Modeling user hidden navigational behavior for Web recommendation

Publication Type:
Journal Article
Web Intelligence and Agent Systems, 2011, 9 (3), pp. 239 - 255
Issue Date:
Filename Description Size
Thumbnail2013002779OK.pdf594.95 kB
Adobe PDF
Full metadata record
Web users exhibit a variety of navigational interests through clicking a sequence of Web pages. Analyses of Web usage data will lead to discovering Web user access patterns, and in turn, facilitating users to locate more preferable Web contents via collaborative recommendation techniques. In the context of Web usage mining, Latent Semantic Analysis (LSA) based on probability inference provides a promising approach to capture not only user hidden navigational patterns, but also the associations between users, pages and hidden navigational patterns. The discovered user access patterns could be used as a usage reference base for identifying the new user's access preferences and making usage-based collaborative Web recommendations. In this paper, we propose a novel usage-based Web recommendation framework, in which Latent Dirichlet Allocation (LDA) is employed to learn the underlying task space from the training Web log data and infer the task distribution for a target user via task inference. The main advantages of the adapted LDA model are its capabilities of efficiently learning the semantic usage information from the Web log data and effectively inferring the access preference of the target user even with a few Web clicks that might be unseen in the training data. In this paper, we also investigate the determination of an optimizing task number, which is another important problem commonly encountered in latent semantic analysis. Experiments conducted on a real Web log dataset show that this approach can achieve better recommendation performance in comparison to other existing techniques. And the discovered task-simplex expression can also provide a better interpretation for Web designers or users to better understand the user navigational preference. © 2011 - IOS Press and the authors. All rights reserved.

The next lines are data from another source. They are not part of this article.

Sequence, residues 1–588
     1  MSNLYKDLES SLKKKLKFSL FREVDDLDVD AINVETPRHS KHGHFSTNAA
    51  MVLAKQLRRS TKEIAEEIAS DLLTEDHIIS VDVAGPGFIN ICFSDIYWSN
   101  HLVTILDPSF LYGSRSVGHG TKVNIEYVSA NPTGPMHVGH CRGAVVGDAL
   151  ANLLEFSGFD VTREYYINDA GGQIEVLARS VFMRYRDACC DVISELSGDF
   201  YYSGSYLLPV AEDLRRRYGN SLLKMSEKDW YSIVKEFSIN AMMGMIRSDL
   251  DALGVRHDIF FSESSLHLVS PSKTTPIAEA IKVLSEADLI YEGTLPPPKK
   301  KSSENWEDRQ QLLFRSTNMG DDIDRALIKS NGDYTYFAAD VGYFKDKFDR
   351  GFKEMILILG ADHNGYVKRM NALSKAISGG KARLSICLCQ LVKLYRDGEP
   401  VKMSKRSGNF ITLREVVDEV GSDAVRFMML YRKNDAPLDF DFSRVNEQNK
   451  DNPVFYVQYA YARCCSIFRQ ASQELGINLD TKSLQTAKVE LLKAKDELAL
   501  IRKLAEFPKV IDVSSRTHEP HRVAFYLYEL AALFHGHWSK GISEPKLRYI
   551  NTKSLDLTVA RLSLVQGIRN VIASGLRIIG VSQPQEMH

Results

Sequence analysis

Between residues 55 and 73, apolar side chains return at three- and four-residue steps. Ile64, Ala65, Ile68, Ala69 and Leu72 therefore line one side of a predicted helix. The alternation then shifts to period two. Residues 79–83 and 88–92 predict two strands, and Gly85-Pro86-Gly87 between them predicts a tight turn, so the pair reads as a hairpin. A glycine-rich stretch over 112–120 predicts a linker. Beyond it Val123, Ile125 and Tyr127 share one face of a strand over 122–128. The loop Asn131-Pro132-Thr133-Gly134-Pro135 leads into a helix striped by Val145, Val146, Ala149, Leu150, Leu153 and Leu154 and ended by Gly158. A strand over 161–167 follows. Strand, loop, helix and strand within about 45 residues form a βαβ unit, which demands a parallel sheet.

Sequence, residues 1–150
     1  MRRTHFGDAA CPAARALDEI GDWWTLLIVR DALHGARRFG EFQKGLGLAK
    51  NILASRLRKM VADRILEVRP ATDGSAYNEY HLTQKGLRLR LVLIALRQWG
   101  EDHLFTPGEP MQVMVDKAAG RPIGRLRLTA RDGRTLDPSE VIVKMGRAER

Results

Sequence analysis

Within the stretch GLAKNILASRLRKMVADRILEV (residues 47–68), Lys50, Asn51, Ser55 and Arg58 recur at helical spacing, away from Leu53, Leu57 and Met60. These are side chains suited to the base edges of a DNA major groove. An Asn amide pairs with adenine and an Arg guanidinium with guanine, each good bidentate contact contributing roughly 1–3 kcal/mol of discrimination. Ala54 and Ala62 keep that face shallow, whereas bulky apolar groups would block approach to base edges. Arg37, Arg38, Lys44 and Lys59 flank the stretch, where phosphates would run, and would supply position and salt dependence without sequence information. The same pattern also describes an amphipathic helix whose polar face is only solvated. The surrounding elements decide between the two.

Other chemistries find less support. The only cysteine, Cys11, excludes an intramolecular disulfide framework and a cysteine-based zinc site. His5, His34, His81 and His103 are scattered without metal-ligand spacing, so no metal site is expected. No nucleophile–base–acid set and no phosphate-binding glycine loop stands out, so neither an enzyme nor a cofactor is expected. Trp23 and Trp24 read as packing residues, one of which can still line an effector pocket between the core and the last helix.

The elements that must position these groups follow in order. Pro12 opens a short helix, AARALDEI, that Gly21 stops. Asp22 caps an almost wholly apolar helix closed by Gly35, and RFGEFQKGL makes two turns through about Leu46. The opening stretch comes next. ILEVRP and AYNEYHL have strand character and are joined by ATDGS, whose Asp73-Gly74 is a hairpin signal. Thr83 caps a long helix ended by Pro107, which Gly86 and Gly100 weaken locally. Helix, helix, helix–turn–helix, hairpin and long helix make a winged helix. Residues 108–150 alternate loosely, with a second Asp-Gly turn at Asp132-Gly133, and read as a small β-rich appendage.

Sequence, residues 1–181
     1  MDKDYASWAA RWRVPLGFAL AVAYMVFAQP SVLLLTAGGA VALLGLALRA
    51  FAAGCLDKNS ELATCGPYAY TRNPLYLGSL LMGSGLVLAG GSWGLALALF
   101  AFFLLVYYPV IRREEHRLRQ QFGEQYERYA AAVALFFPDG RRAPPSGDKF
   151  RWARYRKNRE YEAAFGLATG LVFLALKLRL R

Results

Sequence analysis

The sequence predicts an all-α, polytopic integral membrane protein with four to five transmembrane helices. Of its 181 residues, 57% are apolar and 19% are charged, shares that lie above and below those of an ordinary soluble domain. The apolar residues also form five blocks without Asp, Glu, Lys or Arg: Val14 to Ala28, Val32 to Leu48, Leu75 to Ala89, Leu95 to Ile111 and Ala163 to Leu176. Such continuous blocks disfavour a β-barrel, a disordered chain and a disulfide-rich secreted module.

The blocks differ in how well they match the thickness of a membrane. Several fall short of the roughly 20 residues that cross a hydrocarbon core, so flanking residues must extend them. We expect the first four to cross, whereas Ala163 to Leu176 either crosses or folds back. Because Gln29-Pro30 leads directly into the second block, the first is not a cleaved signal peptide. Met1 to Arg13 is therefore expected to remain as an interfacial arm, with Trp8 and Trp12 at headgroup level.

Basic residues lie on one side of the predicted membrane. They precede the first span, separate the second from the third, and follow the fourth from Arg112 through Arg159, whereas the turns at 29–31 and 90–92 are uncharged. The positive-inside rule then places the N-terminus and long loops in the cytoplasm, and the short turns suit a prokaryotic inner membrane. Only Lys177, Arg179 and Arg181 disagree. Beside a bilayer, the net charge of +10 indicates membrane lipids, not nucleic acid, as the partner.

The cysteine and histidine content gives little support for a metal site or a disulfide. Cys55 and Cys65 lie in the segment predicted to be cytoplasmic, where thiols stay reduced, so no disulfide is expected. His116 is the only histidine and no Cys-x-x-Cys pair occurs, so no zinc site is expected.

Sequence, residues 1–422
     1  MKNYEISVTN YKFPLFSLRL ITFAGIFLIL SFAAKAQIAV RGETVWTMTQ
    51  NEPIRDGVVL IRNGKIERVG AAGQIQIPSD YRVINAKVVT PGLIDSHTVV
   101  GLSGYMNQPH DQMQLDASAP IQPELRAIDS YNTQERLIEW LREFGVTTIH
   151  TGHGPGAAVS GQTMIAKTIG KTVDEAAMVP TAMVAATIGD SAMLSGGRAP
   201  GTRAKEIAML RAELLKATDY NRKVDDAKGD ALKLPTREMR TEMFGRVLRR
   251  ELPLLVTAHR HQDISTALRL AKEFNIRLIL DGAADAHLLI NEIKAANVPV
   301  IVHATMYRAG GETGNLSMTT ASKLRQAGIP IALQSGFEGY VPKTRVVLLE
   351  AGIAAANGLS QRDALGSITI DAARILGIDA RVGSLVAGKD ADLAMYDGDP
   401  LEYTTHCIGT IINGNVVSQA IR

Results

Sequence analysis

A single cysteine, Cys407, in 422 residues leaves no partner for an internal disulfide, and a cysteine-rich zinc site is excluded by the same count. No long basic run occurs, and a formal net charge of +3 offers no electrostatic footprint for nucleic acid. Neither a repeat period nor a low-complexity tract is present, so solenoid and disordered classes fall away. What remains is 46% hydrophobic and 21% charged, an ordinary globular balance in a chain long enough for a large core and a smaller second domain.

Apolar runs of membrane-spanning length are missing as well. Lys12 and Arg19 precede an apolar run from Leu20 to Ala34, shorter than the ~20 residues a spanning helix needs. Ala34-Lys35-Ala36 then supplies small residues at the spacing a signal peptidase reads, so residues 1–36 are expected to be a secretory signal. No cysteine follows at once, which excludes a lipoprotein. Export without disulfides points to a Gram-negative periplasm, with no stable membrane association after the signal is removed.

Please use this identifier to cite or link to this item: